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Is It Possible to Have Sleep Apnea and Not Snore?

Wednesday, August 16, 2017
Restless Sleep Due to Sleep Apnea

Have you ever woken up in the middle of the night gasping for no apparent reason? If so, you might be suffering from sleep apnea. Sleep apnea is a common sleeping disorder that affects many people across the board. There are two different kinds of sleep apnea: central sleep apnea and obstructive sleep apnea.

Central sleep apnea (CSA) occurs when the brain does not effectively send signals that control breathing. This results in breathing difficulties. On the other hand, obstructive sleep apnea (OSA) occurs when the respiratory airways are blocked, causing you to stop breathing instantaneously. Of the two, obstructive sleep apnea is the most common.

What Is the Difference Between OSA and CSA?

The difference between OSA and central sleep apnea is quite clear. Firstly, OSA often leads to loud snoring due to blocked airways, while people with central sleep apnea do not snore as much. Additionally, OSA is common among people with obesity and those who indulge in drugs, alcohol, caffeine and tobacco.

The fact that snoring is quite conspicuous among people with OSA can be misleading. It makes many to believe that they do not have sleep apnea simply because they do not snore. However, according to Dr. James Courey of Specialized Dentistry of New Jersey, snoring should not be viewed as a precursor to OSA.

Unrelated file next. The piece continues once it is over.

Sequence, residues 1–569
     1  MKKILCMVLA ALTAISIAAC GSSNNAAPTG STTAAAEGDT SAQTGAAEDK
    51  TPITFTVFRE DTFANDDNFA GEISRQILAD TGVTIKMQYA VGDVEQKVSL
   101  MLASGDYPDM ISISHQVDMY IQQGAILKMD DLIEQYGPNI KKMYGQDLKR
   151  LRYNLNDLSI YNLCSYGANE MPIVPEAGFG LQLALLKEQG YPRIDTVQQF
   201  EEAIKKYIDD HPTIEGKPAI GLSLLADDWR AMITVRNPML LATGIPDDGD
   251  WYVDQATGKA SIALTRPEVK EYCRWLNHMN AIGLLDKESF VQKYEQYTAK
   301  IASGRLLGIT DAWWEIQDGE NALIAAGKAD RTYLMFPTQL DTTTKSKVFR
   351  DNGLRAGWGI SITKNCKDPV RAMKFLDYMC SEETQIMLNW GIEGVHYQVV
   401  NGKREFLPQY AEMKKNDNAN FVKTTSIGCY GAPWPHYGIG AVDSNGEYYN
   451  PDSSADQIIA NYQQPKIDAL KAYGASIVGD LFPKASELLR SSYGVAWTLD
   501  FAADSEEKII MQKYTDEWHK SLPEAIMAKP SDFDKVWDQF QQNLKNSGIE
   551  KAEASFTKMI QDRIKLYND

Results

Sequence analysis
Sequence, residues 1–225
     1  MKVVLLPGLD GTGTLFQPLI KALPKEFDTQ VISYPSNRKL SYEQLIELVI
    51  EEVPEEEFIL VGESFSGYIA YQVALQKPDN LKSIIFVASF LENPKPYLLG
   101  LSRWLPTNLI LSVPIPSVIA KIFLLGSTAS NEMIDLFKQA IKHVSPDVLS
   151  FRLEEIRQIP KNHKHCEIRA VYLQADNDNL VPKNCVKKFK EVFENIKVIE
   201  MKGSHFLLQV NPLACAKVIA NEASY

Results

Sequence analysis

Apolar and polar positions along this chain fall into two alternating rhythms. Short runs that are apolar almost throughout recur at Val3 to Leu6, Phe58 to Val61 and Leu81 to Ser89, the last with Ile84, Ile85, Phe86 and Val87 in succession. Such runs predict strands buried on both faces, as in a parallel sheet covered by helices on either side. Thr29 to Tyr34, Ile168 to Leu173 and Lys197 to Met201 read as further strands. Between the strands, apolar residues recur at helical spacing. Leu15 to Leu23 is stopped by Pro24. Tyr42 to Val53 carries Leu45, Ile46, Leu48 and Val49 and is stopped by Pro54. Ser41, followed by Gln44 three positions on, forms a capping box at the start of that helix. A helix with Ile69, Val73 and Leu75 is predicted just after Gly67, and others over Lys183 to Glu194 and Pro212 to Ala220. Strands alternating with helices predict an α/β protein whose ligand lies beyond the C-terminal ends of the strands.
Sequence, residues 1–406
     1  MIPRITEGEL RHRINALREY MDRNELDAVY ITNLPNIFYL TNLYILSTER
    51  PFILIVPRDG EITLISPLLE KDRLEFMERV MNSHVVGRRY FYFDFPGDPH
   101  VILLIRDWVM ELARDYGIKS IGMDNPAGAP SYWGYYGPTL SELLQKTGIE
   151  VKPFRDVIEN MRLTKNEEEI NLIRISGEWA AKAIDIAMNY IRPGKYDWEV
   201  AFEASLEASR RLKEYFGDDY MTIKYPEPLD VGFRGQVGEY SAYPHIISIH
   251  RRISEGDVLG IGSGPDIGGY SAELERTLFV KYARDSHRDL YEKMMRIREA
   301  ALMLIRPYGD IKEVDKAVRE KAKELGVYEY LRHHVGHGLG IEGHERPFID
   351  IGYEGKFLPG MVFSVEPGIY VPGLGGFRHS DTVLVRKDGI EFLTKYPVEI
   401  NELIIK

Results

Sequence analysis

You can have sleep apnea without snoring. In fact, if you were once a snorer and you no longer snore, it might indicate that your sleep apnea is now much more severe due to complete blockage of the airways.

Symptoms of Central Sleep Apnea

The symptoms of central sleep apnea are difficult to discern. This is because central sleep apnea does not involve loud snoring like OSA. The chest will not even rise and fall. For these reasons, central sleep apnea could be much more dangerous than OSA as the obvious symptoms are not noticeable.

Common symptoms of central sleep apnea include:

  • Daytime fatigue
  • Abrupt awakenings
  • Attention problems
  • Morning headaches
  • Episodic breathing cessation

Sleep apnea is dangerous and can lead to other serious conditions such as heart attack and high blood pressure. The only way to find out if you have sleep apnea is to consult a reputable doctor. If you think you or a loved one might be suffering from sleep apnea, don’t hesitate to contact SDNJ at (732) 410-7101 today.

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